It’s a little bit of both. I wish I got to spend a lot of time up front with the person before we started shooting, but the way everybody’s schedule worked is - none of these shoots are more than an hour and many of them are much shorter than an hour. There’s definitely the pleasantries up front and talking for a little bit, but then I try to get people right in front of the camera as quick as possible.

I don’t really pose them. My process is to sit back and observe, and I always tell people “if I’m not taking photos, it’s not because you’re doing anything wrong - I’m just waiting for you to settle or looking, examining”. Which is, for most people, a really uncomfortable process, I try to make it as comfortable as possible. Then we’ll start taking pictures. I may move them a little bit, or we may setup a table so they can rest their hand on their chin or something like that. Generally the photos that come out are not pre-meditated.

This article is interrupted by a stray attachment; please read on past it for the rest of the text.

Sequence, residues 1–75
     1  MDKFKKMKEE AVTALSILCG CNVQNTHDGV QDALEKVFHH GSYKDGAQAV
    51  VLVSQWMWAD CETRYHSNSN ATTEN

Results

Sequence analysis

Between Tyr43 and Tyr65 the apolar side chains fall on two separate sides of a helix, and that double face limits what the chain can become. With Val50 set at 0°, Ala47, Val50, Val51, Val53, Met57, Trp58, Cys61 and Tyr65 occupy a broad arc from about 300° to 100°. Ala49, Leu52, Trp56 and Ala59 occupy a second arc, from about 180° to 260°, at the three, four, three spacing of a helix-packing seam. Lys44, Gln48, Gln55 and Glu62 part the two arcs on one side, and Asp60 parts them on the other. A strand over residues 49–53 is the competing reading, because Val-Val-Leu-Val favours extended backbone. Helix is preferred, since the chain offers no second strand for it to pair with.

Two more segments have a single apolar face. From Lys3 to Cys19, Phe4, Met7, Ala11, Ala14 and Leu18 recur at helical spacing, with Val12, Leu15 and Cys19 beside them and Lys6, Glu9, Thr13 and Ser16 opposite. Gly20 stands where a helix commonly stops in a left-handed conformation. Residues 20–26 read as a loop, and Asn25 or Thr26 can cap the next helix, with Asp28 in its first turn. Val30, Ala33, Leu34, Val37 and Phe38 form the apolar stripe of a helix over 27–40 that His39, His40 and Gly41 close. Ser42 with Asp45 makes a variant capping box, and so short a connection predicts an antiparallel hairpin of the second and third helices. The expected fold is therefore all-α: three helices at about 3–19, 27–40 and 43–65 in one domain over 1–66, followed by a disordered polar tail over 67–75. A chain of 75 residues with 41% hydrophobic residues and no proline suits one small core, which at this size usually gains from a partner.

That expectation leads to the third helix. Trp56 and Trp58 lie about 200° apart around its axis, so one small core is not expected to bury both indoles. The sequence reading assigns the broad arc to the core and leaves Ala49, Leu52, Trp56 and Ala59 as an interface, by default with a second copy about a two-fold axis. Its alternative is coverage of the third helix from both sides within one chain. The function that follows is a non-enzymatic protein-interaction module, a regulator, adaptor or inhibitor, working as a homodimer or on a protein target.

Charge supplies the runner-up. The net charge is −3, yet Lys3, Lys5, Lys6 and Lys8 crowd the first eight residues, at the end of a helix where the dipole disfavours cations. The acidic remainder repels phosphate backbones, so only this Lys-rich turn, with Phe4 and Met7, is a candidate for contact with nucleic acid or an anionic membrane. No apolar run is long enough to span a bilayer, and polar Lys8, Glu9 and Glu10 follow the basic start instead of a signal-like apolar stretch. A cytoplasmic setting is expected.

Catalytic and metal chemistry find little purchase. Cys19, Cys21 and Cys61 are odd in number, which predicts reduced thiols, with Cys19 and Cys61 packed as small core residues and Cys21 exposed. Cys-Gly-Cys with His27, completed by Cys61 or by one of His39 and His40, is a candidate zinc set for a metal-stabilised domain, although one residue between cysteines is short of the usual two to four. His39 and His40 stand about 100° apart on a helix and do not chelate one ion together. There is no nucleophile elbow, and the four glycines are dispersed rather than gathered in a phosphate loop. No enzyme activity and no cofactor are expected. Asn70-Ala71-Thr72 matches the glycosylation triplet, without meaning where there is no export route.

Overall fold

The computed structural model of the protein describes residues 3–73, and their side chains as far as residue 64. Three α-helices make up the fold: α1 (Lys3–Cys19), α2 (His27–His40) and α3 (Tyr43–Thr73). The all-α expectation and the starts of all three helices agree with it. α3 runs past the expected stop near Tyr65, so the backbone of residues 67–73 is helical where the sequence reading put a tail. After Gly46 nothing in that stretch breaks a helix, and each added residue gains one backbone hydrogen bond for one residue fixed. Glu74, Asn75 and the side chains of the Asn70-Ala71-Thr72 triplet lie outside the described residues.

It’s very rare that I go into any of these shoots with an actual “I want the person like this, setup like that, etc…”. I’d say 99% of these shots, the expressions, the feeling that comes out, that I’m capturing is organic. It’s something that comes up in the shoot. I just try to capture it whenever I see it by clicking the shutter, that’s basically what I’m doing there.

You list what equipment you shot each portrait with, but I’m curious about the lighting setup. Is there a “go-to” lighting setup that you like to use?